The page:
Credit: AP/J. Scott Applewhite
Attorney General Eric Holder pauses as he testifies on Capitol Hill before the House Judiciary Committee Wednesday. Holder is under fire, among other things, for the Justice Department's gathering of phone records at the Associated Press.
Credit: AP/Carolyn Kaster
O.J. Simpson sits during an evidentiary hearing at Clark County District Court in Las Vegas, Nev., Thursday. Simpson, who is currently serving a nine-to-33-year sentence in state prison for armed robbery and kidnapping, is using a writ of habeas corpus to seek a new trial.
Credit: AP/Las Vegas Review-Journal/Jeff Scheid
Major Tom to ground control: On Sunday astronaut Chris Hadfield recorded the first music video from space, a cover of David Bowie's "Space Oddity."
Credit: AP/NASA/Chris Hadfield
When it rains it pours. President Barack Obama speaks during a news conference Thursday with Turkish Prime Minister Recep Tayyip Erdogan, inexplicably inspiring an #umbrellagate Twitter meme.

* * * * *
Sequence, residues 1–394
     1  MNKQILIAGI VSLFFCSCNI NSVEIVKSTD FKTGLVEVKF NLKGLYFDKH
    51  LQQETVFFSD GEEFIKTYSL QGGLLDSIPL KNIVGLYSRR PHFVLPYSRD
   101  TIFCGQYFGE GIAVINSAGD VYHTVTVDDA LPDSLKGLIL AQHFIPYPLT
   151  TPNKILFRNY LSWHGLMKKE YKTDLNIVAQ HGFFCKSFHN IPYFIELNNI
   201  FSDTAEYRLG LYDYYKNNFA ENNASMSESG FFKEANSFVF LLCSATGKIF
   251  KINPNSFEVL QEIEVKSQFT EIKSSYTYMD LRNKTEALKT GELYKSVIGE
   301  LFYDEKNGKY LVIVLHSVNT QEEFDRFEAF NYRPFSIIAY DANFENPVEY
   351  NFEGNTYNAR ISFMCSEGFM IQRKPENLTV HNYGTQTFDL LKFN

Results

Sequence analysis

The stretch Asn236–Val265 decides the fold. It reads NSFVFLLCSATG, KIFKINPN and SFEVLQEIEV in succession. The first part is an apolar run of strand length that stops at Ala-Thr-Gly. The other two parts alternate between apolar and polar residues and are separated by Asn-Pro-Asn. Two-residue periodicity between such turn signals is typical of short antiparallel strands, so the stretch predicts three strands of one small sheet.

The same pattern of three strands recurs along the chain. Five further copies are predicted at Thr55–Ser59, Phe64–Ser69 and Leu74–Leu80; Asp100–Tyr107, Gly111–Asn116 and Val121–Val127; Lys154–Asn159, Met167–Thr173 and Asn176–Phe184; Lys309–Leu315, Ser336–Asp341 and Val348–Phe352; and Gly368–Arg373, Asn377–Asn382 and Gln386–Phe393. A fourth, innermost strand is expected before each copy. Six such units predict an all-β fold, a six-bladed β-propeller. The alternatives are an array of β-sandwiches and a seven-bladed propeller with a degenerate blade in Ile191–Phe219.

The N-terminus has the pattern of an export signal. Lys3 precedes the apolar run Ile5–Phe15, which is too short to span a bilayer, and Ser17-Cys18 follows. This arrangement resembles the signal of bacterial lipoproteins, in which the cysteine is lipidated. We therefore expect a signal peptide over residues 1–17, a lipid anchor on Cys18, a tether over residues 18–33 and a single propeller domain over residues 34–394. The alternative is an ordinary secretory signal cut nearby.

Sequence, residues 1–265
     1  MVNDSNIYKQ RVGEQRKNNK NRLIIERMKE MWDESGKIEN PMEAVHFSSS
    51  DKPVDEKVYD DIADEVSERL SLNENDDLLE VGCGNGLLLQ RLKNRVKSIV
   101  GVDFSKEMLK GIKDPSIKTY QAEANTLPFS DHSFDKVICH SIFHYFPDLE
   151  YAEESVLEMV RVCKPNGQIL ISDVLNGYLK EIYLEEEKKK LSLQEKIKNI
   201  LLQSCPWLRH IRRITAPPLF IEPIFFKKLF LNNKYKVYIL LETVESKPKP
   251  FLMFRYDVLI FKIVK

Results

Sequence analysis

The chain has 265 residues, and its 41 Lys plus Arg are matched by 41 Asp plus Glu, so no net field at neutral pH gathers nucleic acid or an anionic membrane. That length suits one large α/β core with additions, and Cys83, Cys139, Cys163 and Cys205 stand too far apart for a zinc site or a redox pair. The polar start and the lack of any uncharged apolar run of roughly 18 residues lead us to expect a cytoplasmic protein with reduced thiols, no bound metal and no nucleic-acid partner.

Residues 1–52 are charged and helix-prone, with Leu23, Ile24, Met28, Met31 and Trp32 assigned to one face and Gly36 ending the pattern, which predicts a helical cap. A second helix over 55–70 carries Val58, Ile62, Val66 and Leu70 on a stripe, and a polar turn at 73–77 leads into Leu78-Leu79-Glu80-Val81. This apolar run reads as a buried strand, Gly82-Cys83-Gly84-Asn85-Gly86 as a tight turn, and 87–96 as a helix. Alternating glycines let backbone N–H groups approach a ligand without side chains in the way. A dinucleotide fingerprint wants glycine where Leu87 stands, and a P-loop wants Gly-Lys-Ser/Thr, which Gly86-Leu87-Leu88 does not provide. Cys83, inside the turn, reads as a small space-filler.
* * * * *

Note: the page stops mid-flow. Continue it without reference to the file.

Credit: AP/Jacquelyn Martin
A smoke plume rises high above a road block at the intersection of County A and Ross Road east of Solon Springs, Wis., Tuesday. No injuries were reported, but the the wildfire caused evacuations across northwestern Wisconsin.
Credit: AP/The Duluth News-Tribune/Clint Austin
Recent Slide Shows
- 1 of 11
Katharine Mieszkowski is a Bay Area journalist, who covers science and
the environment. A Salon senior writer from 2000 to 2009, she
chronicled the dot-com boom and bust as a technology correspondent and co-founded the Broadsheet blog.
Her Salon stories have been anthologized in "Panic: The Story of Modern Financial Insanity,"
A Yale grad, Katharine has also written for the New York Times, Mother Jones, MS, Rolling Stone, Glamour and Reader's Digest, while her commentaries have appeared on National Public Radio's "All Things
Considered." In 1994, she joined her first Internet start-up, Women.com, then known as Women's Wire. Since then, she's also been a writer for Fast Company magazine covering Silicon Valley and a columnist for the San Francisco Bay Guardian investigating local subcultures. In 2001, she was named one of the Top 25 Women on the Web by San Francisco Women on the Web.
Katharine, who grew up near Houston, now lives in the San Francisco Bay Area with her husband and daughter. You can sign up for Twitter updates from her here.